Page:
Future academics need encouragement to stay in AustraliaResearch 20 Jan 2012 3 minute read
In the seventh research briefing for the Joining the Dots series, ‘Where are the academics of tomorrow? Supply and demand issues for Australian universities’, ACER Senior Research Fellow Dr Daniel Edwards explored how the academic workforce is placed to cope with the forecast rise in student numbers that will result if university attainment targets are to be met.
'A viable and engaged academic workforce is vitally important if the expansion of the higher education system is to be a success,' said Dr Edwards.
Dr Edwards’ research suggests that, in some fields, the supply of academics will not be great enough to meet demand. Dr Edwards said large numbers of research graduates are building careers outside of the Australian higher education sector, reflecting findings from the 2010 National Research Student Survey (NRSS) that show there is a perception among current research students that positions in universities are not widely available.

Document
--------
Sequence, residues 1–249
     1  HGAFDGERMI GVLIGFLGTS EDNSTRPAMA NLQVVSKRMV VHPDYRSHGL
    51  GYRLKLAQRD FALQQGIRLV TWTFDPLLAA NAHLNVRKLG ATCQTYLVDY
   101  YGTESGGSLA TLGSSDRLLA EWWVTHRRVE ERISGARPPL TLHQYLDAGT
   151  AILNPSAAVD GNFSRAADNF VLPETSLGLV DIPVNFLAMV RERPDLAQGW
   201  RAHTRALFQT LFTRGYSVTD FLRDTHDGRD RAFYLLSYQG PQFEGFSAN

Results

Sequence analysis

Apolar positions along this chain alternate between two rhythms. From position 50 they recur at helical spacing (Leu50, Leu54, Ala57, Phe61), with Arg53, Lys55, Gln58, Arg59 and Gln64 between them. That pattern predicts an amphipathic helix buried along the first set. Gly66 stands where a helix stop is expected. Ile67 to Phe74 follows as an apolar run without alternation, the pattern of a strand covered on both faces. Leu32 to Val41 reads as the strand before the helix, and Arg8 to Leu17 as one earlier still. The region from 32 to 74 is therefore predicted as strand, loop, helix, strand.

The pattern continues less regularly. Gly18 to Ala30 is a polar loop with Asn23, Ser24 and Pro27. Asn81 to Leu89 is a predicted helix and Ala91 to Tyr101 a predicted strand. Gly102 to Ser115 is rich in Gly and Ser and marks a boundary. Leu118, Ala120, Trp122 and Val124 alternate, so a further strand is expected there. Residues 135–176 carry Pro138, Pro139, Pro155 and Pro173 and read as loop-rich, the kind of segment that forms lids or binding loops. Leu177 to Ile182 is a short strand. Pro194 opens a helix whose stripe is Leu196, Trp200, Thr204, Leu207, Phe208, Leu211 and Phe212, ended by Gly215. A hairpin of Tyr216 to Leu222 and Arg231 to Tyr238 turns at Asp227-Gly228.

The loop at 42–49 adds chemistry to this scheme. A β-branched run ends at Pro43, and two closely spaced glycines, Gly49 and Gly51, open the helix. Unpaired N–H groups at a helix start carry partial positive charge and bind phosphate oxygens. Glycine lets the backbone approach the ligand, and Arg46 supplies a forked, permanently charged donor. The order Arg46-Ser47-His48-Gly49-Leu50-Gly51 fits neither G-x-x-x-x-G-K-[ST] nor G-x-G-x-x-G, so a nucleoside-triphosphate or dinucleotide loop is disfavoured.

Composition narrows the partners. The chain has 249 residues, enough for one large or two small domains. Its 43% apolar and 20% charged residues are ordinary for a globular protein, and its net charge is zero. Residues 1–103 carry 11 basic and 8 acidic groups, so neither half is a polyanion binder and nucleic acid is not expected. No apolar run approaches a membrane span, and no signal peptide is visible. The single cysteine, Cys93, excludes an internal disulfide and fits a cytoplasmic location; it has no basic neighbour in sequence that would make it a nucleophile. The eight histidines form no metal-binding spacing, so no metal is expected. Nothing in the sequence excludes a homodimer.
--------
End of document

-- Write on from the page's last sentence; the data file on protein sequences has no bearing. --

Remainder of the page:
It is estimated that there are around 19 000 current research students in Australia under the age of 40 with serious career plans to join the academic profession over the coming decade. However, the NRSS revealed that more than 43 per cent of these research students plan to pursue this profession outside Australia. This reduces the estimated supply of academics to Australian universities to about 11 000.
Recent findings from an Australian survey of academics indicate that 48 per cent of the current academic workforce, or over 50 000 academics, intend to retire, move to an overseas university, or leave Australian higher education at some time in the next ten years, indicating there may be growth in the availability of academic positions in the medium term.
'Greater emphasis on highlighting the availability of positions is one of the ways the sector can help to ensure there are enough academics to meet future needs,' said Dr Edwards.
Dr Edwards said the good news is the NRSS found research students have a positive impression of the academic career, rating it more attractive than other careers on a wide range of factors including interest and challenge, flexibility, work/life balance and job satisfaction.
'No matter how attractive an occupation may be, if a student believes there are no positions available then the chance they will pursue this line of work is likely to be greatly diminished,' said Dr Edwards.
Joining the Dots is a subscription-based resource provided by ACER to those with an interest in Australian higher education. In 2011, the series included eight research briefings, a monthly news and event digest and a webinar series. Details for subscriptions are available at </jtd> or by emailing firstname.lastname@example.org